Hi, I’m Sarah. Welcome to The Daily English Show.
Today I recommend another instructional video. Last week’s video was how to open a bottle with one hand and this week’s video is how to spin a pencil – not like that, obviously.
This is a good video for studying the names of fingers. The fingers he mentions are thumb, index finger, middle finger and ring finger.
By the way these are fingers, but the things on the end of your feet are not fingers, they’re toes. In Japanese the word for fingers and toes is pretty much the same, so I’ve heard a lot of Japanese students get mixed up with that and call toes fingers. And these are thumbs, but your biggest toes are not thumbs, they are big toes.
This is your little finger or pinky. I usually call it little finger. Pinky sounds kind of childish, not that I don’t use other words that sound childish, but anyway ...
And index finger is also called forefinger. And also first finger according to the Concise Oxford Dictionary – which I just looked up - but I don’t think I’ve ever heard anyone call it that.
So check out this video and you can also learn some useful structures for giving instructions such as:
We’re going to start with ...
As you can see ...
What I’m going to do is ...
And you’ll see that ...
Note that I’m using the same basic techniques here ...
The reason for doing that is ...
Kia Ora, in Stick News today, fans of the 1965 movie The Sound of Music will soon be able to stay at the original von Trapp family villa. It opens as a hotel in July.
The Sound of Music is a film which was based on a musical which was based on a book which was based on a true story.
The movie won the Academy Award for Best Picture in 1965 and Wikipedia says it’s one of the most popular musicals ever produced.
The story is about a family who lived a big house in Austria. Now, that house is opening as a hotel.
Reuters reports the Villa Trapp hotel will give visitors a chance to sleep in the family's former bedrooms or get married in their chapel.
A spokesperson said: "The hotel really is a milestone for the commercialization of The Sound Of Music for Salzburg."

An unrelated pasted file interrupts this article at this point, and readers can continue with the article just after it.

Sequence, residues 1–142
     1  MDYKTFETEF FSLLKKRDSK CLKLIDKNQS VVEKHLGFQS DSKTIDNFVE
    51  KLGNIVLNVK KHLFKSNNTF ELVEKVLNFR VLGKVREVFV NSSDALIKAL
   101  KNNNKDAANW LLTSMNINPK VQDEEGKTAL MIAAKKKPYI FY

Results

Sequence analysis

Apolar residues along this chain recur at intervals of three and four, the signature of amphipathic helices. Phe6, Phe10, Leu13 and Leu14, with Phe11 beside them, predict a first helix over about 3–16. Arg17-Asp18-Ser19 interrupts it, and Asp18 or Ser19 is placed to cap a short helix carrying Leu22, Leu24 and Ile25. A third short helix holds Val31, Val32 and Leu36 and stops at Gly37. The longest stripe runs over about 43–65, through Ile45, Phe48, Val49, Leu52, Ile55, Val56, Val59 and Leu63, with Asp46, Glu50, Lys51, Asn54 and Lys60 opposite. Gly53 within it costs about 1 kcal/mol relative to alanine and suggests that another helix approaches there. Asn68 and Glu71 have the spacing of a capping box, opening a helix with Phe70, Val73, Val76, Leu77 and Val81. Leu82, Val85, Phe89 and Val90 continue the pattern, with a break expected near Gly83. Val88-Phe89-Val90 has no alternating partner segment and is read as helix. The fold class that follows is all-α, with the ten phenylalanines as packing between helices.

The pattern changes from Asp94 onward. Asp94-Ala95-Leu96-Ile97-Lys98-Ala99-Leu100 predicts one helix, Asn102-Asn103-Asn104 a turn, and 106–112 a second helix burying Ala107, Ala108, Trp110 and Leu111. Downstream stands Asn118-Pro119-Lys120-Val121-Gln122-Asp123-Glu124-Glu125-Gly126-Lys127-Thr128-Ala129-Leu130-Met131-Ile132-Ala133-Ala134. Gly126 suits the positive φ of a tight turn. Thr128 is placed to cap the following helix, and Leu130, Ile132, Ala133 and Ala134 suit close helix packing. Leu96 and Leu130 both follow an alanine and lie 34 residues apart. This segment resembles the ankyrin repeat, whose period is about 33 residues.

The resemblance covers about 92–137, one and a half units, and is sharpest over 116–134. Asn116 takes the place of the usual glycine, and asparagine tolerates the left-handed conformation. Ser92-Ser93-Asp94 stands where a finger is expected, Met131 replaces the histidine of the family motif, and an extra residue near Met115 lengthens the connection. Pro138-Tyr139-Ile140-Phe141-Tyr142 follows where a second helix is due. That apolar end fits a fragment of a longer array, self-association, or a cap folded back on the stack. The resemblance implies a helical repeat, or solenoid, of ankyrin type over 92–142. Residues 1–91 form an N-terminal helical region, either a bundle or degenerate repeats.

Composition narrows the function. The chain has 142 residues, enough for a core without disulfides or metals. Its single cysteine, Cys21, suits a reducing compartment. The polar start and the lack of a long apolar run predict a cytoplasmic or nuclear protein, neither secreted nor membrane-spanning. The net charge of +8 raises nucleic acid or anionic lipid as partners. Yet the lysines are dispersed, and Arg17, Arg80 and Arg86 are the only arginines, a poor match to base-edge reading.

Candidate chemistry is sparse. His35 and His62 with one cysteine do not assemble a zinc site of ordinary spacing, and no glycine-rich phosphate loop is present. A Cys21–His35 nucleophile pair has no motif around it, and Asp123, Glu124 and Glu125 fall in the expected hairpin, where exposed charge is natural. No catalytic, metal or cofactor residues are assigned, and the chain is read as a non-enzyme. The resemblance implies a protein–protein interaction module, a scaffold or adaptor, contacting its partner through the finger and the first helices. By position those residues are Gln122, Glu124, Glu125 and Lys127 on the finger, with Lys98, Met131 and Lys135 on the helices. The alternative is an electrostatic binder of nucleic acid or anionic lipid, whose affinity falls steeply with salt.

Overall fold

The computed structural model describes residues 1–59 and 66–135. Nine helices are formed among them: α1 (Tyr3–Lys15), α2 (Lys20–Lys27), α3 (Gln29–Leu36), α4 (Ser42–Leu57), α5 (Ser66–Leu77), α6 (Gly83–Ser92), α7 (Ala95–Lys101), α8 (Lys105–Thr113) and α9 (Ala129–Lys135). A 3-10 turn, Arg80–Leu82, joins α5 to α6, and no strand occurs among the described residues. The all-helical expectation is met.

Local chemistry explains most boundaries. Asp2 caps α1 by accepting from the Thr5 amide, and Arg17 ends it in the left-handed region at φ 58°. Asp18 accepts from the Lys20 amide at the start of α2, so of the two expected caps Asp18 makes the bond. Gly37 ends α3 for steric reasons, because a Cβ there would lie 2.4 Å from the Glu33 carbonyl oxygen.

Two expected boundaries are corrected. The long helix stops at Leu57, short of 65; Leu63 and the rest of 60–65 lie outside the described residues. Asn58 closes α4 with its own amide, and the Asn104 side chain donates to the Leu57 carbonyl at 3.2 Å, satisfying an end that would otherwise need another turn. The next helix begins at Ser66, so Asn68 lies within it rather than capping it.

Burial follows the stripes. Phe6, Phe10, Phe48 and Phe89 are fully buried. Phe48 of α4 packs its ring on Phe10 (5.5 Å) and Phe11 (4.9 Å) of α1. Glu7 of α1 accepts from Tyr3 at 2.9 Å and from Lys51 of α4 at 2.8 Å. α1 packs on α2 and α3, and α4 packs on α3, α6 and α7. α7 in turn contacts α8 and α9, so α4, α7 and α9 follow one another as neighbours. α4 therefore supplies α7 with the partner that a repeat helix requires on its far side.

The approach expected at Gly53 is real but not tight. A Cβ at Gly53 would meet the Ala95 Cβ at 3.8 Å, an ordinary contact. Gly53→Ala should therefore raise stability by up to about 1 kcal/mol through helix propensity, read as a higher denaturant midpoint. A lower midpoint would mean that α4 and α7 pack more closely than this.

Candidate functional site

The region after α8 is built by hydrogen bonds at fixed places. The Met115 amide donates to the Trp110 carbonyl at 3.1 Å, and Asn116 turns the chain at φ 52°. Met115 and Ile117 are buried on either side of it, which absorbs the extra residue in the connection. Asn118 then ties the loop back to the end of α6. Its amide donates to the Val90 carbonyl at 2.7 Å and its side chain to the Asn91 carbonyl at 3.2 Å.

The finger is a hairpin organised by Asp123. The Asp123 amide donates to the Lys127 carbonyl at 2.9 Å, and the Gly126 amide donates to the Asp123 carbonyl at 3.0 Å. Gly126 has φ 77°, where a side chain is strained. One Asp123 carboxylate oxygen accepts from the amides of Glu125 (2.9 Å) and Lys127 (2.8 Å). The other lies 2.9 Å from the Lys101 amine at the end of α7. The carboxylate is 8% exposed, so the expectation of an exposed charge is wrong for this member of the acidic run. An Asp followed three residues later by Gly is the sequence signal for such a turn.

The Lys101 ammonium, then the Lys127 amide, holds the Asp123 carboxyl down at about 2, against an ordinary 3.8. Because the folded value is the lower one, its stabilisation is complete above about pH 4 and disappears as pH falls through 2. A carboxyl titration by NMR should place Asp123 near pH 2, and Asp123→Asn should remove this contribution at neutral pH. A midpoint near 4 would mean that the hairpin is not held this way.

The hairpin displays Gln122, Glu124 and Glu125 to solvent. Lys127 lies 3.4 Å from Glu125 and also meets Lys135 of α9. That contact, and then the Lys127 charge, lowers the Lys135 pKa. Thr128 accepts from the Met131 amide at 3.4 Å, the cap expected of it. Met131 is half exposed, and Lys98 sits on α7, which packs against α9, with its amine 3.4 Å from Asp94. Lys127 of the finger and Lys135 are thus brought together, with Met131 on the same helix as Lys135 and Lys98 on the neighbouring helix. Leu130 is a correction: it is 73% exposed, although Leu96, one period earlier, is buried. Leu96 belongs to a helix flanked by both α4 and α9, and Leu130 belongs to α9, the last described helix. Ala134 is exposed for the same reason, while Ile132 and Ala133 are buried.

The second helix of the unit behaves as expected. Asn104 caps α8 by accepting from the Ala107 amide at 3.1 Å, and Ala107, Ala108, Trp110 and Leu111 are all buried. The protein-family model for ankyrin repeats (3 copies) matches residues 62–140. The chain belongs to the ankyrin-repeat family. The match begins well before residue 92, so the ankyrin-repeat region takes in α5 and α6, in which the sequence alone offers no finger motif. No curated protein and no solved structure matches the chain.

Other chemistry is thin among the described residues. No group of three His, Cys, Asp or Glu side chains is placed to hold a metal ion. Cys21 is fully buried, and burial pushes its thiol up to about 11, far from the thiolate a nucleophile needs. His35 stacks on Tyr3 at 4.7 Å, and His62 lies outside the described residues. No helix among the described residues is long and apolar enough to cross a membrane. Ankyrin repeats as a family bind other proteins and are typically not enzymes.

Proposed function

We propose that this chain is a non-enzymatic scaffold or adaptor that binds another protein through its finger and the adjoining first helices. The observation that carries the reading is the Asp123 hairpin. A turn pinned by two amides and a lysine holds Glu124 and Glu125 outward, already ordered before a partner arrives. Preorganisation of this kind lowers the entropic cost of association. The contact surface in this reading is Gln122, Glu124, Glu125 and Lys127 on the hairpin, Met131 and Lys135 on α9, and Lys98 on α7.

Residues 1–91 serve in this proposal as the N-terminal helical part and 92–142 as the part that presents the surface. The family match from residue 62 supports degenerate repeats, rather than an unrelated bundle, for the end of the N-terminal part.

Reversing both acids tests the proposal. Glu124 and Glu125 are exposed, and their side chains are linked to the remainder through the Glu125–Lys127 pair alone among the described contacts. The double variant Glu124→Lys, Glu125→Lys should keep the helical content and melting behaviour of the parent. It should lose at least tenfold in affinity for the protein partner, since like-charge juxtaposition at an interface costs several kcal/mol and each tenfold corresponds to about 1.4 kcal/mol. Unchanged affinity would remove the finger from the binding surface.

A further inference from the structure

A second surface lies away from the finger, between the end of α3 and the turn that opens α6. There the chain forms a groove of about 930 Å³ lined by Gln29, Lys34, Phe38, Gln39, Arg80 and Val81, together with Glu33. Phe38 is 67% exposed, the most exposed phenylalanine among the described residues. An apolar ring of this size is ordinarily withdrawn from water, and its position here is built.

And that was Stick News for Thursday 15th of May.
Word Of The Day
Today’s word is considerably.
Here’s a line from the video I introduced: This technique and the next one will take considerably more time to learn than just the once-around.
Considerably is a formal adverb which means a lot.
So considerably more means a lot more.
conversations with sarah
No, I was not in debate
What’s that thing he says at the end of the video?
He says: No, I was not in debate.
What does that mean?
I wasn’t sure either, so I looked in the comments and actually a lot of people asked the same question and he answered one person.
What did he say?
He said that debate means the debating club or group at his - university I think it was - and most of the people that he knew that can do that trick were in that club.
彼の言うdebateの意味は、彼の通う大学にdebating club 【討論クラブ】か討論グループがあって、彼の知る所属員のほとんどがこのペン回しが出来る、との事。
It’s quite funny that he says: I know you’re going to ask, and then a lot of people commented: What do you mean? What’s debate?
Learn To Spin A Pencil
So I decided to put together a video that, instead of just showing you how to spin a pencil, it actually teaches you how to spin a pencil. So, let’s get started with, ah, the basics. We’re going to start with, ah, just going once around. As you can see, I’m only using three fingers: The index finger, the middle finger and the thumb. And the pencil is off center, in that most of the weight is off to the left side of the screen here.
And what I’m, what I’m going to do is I’m going to push the pencil around my thumb and then catch it between my index finger and thumb. And you’ll see that the weight shift goes from on the left side to in the middle when I catch it and then when I do it again, I have to kind of shift the weight back to the left.
Not only is this technique essential for the more advanced stuff I’m about to show you, but you can also use it to spin anything that’s even similarly shaped to a pen or a pencil that’s laying around your house, such as a screwdriver, or even something as crazy as a banana.
Note that I’m using the same basic techniques here, it’s all in the weight shift around the thumb.
With the over-and-back, you’re going to want to start with the pencil braced between your thumb, your middle finger and your ring finger. The reason for doing that is because the index finger is going to be used to push the pencil back around the thumb. And then you catch it with your thumb, middle finger, and ring finger. This technique and the next one will take considerably more time to learn than just the once-around.
So, the last and coolest-looking technique I’ll be showing you here, is the continuous, which is really just an extension of the over-and-back. Because what you’re doing is, when the pencil comes back around the thumb, instead of just catching it, you’re just going to push it back over with the middle finger.
So what you’ve got is an original pushing of the pencil around the thumb with the middle finger then back with the index finger and then back with middle finger and then back with the index finger. And you can just do that just as many times as ... until you make a mistake.
So remember people while you’re learning, it’s all in the weight balance. And lastly, cause I know you’re going to ask, no, I was not in debate.
Show 733 Thursday 15 May
The Daily English Show